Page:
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A Treaty on the Prohibition of Nuclear Weapons

Published Tuesday, October 9, 2018

A Treaty on the Prohibition of Nuclear Weapons was adopted in the UN on 7 July 2017. It is the first multilateral, legally-binding, instrument for nuclear disarmament to have been negotiated in 20 years. However, none of the nuclear weapon states participated in those discussions and have declared their intention not to sign and ratify the new treaty. The lack of engagement by the nuclear weapon states raises the question of what this treaty can then realistically achieve?

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In February 2017 UN-mandated negotiations began on a treaty prohibiting the development, stockpiling and use of nuclear weapons. The first round of discussions, in March 2017, was a general exchange of views among participants, which included more than a hundred non-nuclear weapon states and a number of non-governmental organisations. Several countries, including all of the nuclear weapon states, declared their intention to boycott the talks.

The second, and final, round of talks began on 15 June and concluded on 7 July 2017. Those talks eventually culminated in the adoption of a Treaty on the Prohibition of Nuclear Weapons, which prohibits States Parties from developing, testing, producing, manufacturing, acquiring, possessing, stockpiling, transferring, or receiving control over nuclear weapons or other nuclear explosive devices. It also prohibits them from using, or threatening to use such weapons. States Parties are also required to prohibit and prevent the stationing, installation, or deployment of nuclear weapons on their territory or any other place under its jurisdiction or control. This latter provision has implications for those countries which have US nuclear weapons based on their territories: Belgium, Germany, Italy, the Netherlands and Turkey.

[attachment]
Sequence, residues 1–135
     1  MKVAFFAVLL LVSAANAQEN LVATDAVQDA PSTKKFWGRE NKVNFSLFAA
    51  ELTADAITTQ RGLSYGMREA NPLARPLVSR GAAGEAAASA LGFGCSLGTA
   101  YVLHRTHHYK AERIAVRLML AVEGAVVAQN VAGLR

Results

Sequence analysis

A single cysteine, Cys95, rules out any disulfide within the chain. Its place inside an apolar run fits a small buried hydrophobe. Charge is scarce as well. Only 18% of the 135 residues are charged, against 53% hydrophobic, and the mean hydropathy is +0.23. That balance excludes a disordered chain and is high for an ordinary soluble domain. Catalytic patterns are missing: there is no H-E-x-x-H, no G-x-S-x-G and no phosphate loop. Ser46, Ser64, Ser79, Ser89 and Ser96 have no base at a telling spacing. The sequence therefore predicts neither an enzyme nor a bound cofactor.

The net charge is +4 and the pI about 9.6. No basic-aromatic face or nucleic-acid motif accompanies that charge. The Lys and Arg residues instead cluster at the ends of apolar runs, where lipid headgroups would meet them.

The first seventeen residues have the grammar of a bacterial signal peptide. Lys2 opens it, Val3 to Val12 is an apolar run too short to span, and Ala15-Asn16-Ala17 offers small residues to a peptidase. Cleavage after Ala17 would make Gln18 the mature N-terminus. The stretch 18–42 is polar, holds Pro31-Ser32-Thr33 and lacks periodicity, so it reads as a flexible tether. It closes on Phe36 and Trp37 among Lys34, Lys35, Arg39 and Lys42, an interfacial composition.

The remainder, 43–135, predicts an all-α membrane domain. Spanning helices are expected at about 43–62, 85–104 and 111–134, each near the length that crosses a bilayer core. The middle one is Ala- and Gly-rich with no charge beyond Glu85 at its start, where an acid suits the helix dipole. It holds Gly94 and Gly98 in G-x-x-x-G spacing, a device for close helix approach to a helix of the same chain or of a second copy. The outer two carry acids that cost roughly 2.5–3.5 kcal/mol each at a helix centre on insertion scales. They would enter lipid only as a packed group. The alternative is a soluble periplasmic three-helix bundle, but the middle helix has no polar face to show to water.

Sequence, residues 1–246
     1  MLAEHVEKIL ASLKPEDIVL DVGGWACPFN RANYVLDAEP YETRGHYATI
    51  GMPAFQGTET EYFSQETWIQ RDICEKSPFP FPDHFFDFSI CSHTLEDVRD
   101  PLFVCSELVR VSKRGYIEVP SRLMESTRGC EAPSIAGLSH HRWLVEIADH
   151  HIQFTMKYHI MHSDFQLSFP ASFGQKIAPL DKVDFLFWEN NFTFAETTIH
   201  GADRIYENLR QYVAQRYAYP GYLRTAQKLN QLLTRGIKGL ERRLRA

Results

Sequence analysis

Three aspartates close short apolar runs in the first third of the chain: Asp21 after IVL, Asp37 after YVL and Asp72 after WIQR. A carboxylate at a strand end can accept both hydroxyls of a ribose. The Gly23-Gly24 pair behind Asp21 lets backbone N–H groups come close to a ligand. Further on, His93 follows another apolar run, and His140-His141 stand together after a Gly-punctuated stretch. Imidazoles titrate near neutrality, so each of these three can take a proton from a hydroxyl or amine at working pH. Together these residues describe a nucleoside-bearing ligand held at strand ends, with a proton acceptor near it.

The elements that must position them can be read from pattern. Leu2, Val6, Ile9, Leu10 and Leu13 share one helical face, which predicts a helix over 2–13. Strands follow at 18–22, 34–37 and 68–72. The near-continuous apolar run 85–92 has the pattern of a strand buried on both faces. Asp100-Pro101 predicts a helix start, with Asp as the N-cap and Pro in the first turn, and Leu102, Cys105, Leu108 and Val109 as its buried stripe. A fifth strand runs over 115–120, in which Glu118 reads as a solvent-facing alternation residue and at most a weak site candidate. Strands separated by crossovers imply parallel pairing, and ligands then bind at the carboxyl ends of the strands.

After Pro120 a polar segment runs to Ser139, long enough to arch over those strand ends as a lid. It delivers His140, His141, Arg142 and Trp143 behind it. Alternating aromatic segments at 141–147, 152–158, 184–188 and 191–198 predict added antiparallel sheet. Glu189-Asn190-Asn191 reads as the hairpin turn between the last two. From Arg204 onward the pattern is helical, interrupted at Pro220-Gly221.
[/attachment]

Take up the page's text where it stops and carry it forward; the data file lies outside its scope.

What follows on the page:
122 countries voted in favour of the treaty; while The Netherlands, as a member of the NATO alliance, voted against and Singapore abstained.

The treaty opened for signatures from any UN member state, regardless of their participation in the conference, on 20 September 2017. The treaty will come into force 90 days after 50 countries have ratified it. To date, the treaty has 69 signatories, including 19 States Parties, three of which signed and ratified the treaty on the first day.

Many critics have questioned what such a treaty will achieve, however, if the nine nuclear states do not participate. Without signing and ratifying any potential treaty the nuclear states would not be legally bound by its provisions.

Along with the other nuclear powers, the British Government did not participate in the UN talks and has indicated its refusal to sign and ratify the new treaty. It believes that the "best way to achieve the goal of global nuclear disarmament is through gradual multilateral disarmament, negotiated using a step-by-step approach and within existing international frameworks", specifically the Nuclear Non-Proliferation Treaty.

Commons Briefing papers CBP-7986

Author: Claire Mills

Topics: Arms control, Defence policy, International law

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